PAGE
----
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The Multidimensionality of U.S. Immigration Reforms and Legislative Outcomes

Gyung-Ho Jeong
Political Research Quarterly, forthcoming

Abstract:
How are legislative outcomes shaped by multidimensional negotiations? Examining the legislative politics of U.S. immigration reforms, I show how alternating coalitions in multidimensional negotiations produce centrist legislative outcomes. In doing so, this article sheds light on a puzzling aspect of immigration policy - namely, the gap that exists between public opinion and legislative outcomes. My investigation of major immigration bills in 1986, 1996, and 2006 shows that the multidimensional nature of immigration debates contributed to the lack of dramatic reforms, by allowing legislative minorities to form alternating coalitions to block any dramatic changes.

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With a Little Help from Our Feds: Understanding State Immigration Enforcement Policy Adoption in American Federalism

Heather Creek & Stephen Yoder
Policy Studies Journal, November 2012, Pages 674-697

Abstract:
Since 2001, state governments have adopted 287(g) cooperative immigration enforcement agreements with the federal government that authorize their law enforcement personnel to assist in detaining violators of civil federal immigration law. Employing a theoretical framework drawn from theories of policy adoption, intergovernmental relations, and immigration research, we test which state-level political, sociodemographic, geographic, and economic determinants influence states to enter into such a cooperative agreement. In addition to finding that the partisanship of a state's governor, a state's effort on public welfare, and an increase in a state's percentage of Hispanics are related to the adoption of a cooperative immigration enforcement policy, we found evidence of "steam valve federalism" working not at the state level as Spiro (1997) first theorized but at the local level. When a state's localities adopt immigration enforcement agreements with the federal government, the state itself is far less likely to adopt their own. Understanding the reasons states would adopt this type of policy sheds light on current trends in state immigration policy and their effect on future state/federal intergovernmental relations.

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When Drains and Gains Coincide: Migration and International Football Performance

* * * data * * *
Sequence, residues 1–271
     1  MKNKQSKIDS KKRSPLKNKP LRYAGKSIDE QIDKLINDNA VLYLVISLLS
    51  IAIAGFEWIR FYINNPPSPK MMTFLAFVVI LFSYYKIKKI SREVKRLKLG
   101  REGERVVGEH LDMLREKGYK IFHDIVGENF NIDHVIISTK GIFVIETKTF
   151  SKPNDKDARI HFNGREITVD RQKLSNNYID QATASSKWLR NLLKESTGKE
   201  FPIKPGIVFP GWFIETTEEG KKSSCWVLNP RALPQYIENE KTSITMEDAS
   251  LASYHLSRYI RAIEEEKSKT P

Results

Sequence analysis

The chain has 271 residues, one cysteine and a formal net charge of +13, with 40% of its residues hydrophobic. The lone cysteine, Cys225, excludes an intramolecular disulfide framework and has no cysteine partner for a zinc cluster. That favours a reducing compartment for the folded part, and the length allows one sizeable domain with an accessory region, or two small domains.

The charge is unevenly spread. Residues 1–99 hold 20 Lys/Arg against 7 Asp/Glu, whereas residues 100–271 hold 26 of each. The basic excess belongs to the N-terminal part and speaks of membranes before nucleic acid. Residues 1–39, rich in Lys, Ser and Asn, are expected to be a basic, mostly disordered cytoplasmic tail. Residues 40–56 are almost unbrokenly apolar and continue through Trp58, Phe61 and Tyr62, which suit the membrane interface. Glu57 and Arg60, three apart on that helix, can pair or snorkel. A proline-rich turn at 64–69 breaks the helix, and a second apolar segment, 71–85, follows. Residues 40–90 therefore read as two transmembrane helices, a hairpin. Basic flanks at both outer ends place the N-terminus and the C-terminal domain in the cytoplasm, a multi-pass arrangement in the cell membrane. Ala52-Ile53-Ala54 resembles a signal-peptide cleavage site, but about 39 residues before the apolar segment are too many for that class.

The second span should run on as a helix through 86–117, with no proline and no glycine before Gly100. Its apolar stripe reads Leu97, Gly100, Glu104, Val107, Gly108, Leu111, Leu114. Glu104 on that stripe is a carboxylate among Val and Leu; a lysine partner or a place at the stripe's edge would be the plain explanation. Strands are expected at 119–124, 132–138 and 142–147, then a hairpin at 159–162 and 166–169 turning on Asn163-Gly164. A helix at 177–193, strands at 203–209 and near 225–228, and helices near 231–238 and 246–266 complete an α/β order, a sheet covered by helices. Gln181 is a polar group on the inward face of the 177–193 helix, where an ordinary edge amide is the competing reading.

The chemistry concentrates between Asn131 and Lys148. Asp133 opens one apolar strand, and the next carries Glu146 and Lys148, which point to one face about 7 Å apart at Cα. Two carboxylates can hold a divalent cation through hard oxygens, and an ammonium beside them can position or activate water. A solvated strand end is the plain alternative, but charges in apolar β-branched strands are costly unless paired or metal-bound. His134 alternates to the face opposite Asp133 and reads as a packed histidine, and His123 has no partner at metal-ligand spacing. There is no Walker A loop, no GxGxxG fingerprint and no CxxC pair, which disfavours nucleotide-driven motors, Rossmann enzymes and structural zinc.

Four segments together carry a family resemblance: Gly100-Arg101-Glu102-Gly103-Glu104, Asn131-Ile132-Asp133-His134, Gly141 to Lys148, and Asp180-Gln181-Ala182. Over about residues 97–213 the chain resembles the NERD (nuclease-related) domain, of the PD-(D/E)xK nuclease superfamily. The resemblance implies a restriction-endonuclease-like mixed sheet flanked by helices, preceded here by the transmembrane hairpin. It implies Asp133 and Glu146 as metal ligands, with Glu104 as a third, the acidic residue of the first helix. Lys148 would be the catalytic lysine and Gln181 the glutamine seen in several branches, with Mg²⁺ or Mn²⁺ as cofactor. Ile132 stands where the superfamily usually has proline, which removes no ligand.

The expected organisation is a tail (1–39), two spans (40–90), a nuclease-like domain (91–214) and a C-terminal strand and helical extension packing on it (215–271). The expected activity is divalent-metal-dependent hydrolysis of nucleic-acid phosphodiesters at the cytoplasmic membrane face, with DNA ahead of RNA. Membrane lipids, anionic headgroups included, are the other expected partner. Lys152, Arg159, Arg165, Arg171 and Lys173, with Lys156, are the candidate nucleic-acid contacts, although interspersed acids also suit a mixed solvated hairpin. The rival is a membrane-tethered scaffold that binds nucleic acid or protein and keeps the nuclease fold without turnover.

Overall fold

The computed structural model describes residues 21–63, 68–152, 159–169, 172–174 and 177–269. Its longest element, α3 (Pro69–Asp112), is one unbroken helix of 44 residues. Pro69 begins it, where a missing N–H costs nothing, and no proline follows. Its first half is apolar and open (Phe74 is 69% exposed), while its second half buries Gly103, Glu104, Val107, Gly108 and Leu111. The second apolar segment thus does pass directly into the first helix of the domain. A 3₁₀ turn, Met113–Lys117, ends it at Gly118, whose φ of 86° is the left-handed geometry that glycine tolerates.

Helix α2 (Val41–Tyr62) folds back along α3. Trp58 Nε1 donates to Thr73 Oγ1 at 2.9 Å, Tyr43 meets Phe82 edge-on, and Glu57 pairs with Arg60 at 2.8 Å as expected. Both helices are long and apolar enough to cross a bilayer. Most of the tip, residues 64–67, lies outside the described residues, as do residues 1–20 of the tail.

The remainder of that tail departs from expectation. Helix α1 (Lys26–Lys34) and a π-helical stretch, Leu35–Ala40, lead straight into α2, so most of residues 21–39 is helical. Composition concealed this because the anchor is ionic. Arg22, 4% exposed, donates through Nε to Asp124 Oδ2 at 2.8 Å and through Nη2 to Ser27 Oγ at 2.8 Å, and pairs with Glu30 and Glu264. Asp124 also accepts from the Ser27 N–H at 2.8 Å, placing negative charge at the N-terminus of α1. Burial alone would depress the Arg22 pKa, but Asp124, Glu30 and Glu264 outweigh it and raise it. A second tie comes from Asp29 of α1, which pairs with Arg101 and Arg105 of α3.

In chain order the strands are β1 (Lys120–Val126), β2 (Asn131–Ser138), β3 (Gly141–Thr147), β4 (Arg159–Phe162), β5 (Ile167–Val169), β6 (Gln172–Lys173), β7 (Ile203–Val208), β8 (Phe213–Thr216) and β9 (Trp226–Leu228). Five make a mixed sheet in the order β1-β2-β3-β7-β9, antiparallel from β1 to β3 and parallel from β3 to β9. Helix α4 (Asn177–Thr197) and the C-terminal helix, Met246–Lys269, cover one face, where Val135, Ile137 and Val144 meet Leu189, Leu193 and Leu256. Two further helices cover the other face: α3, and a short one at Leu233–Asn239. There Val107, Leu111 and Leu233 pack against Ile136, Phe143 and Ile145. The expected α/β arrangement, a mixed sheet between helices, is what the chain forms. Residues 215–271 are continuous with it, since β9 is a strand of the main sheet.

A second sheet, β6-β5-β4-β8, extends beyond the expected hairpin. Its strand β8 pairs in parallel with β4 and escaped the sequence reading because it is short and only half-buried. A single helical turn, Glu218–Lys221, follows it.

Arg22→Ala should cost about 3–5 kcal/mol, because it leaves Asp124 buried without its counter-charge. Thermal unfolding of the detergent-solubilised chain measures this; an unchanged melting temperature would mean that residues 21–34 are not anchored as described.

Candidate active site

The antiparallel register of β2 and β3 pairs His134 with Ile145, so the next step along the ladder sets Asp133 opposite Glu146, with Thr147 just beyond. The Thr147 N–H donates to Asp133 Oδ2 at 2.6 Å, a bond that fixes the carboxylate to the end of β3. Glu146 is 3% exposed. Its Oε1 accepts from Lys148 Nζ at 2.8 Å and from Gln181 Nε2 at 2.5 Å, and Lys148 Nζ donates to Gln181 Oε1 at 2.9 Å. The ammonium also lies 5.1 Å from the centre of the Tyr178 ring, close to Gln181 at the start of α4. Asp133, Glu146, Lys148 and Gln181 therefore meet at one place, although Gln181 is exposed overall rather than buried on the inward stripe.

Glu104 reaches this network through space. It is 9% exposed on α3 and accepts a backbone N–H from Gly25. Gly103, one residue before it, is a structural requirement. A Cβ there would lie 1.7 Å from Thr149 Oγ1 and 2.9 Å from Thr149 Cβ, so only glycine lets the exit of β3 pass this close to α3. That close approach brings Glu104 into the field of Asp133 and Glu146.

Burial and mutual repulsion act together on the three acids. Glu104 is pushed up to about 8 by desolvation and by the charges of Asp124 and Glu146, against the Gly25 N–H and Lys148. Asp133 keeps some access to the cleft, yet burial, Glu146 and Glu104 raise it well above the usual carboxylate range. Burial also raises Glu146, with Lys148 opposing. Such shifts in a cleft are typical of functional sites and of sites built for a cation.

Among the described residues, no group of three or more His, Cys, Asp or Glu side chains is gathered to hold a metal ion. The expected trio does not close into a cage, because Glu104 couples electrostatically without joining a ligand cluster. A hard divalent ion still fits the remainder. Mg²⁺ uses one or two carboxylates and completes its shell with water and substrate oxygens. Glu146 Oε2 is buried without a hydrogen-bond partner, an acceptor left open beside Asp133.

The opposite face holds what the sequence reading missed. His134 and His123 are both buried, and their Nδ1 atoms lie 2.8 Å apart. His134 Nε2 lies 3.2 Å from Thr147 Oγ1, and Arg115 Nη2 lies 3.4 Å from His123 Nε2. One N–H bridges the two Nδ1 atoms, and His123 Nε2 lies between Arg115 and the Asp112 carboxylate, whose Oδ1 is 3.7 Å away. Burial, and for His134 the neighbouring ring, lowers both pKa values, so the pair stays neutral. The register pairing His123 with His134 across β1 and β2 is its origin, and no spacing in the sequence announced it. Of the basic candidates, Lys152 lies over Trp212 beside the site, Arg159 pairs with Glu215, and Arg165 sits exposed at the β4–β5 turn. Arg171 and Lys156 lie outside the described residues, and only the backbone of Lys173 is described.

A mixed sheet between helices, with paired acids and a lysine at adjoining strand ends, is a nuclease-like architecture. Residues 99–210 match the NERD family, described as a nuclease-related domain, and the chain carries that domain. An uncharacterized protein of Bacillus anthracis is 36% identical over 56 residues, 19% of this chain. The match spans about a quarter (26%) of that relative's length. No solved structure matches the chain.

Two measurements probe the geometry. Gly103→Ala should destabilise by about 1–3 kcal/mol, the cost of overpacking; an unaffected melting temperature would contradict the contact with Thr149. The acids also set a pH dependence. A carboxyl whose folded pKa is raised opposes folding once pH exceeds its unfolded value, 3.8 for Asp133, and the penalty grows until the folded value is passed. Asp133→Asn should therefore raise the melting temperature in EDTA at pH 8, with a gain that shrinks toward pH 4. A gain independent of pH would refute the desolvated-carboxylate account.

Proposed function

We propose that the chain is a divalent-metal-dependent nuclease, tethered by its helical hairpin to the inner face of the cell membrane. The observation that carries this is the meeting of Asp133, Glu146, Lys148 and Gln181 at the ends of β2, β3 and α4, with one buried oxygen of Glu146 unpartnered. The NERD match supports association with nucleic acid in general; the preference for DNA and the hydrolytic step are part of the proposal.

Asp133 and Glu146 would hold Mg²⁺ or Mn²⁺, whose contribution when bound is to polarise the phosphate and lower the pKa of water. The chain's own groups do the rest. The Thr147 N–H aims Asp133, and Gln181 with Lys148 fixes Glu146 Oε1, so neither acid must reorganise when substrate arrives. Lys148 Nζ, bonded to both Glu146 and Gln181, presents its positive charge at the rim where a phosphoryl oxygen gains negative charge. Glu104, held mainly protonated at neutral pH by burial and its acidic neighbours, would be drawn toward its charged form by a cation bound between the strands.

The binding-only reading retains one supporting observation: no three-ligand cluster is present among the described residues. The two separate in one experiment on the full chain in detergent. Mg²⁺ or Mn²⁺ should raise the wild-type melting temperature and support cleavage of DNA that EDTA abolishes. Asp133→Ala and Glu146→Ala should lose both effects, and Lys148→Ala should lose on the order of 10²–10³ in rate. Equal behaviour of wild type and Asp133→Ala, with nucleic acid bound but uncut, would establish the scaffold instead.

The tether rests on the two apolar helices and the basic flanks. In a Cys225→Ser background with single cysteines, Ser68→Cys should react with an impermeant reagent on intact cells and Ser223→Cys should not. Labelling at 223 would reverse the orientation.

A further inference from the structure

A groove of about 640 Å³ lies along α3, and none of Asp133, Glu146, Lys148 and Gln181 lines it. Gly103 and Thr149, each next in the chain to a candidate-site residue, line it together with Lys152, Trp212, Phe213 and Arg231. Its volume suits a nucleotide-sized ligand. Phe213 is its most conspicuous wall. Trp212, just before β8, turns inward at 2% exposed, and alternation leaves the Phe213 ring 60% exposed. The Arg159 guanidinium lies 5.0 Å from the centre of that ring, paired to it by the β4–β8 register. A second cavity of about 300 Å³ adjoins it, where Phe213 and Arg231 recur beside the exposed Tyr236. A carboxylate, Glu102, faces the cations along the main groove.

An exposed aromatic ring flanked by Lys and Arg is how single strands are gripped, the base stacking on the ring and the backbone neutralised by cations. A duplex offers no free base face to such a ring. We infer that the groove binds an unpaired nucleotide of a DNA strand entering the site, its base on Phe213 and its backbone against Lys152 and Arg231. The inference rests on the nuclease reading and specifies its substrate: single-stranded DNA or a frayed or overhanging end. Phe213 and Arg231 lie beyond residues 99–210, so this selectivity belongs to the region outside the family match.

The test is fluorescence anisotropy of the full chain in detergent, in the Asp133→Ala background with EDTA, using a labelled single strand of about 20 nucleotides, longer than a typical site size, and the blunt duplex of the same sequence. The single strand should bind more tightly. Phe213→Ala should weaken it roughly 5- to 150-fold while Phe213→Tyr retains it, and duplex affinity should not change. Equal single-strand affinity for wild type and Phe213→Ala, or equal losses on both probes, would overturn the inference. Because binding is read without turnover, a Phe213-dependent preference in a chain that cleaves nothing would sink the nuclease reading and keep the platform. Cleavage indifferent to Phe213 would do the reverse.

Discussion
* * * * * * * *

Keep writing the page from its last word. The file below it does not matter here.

Ruxanda Berlinschi, Jeroen Schokkaert & Johan Swinnen
Labour Economics, forthcoming

Abstract:
We analyze the impact of human capital formation through migration on performance by studying the impact of football players' migration to foreign clubs on their origin countries' international football performance. In our model, migration to foreign clubs allows players to improve their skills. Its impact on national team performance is positive and increasing with the difference in quality between foreign and home country clubs. To test this prediction, we have collected information on the club of employment of national team players for most countries in the world. We have constructed an original migration index, weighing each emigrant player by the quality of the foreign club employing him. We find strong and robust support for the theoretical prediction that migration of national team players improves international football performance, particularly for countries with lower quality football clubs.

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The labor demand was downward sloping: Disentangling migrants' inflows and outflows, 1929-1957

Costanza Biavaschi
Economics Letters, forthcoming

Abstract:
This paper studies in- and out-migration from the U.S. during the first half of the twentieth century and assesses how these flows affected state-level labor markets. It shows that out-migration positively impacted the earnings growth of remaining workers, while in-migration had a negative impact. Hence, immigrant arrivals were substitutes of the existing workforce, while out-migration reduced the competitive pressure on labor markets.

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Crime and Immigration: Evidence from Large Immigrant Waves

Brian Bell, Francesco Fasani & Stephen Machin
Review of Economics and Statistics, forthcoming

Abstract:
This paper studies empirical connections between crime and immigration, studying two large waves of recent UK immigration (the late 1990s/early 2000s asylum seekers and the post 2004 inflow from EU accession countries). The first wave led to a modest, but significant, rise in property crime, whilst the second wave had a small negative impact. There was no effect on violent crime, nor were arrest rates different and changes in crime cannot be ascribed to crimes against immigrants. The findings are consistent with the notion that differences in labour market opportunities of different migrant groups shape their potential impact on crime.

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The Imperative of Place: Homicide and the New Latino Migration

Edward Shihadeh & Raymond Barranco
Sociological Quarterly, Winter 2013, Pages 81-104

Abstract: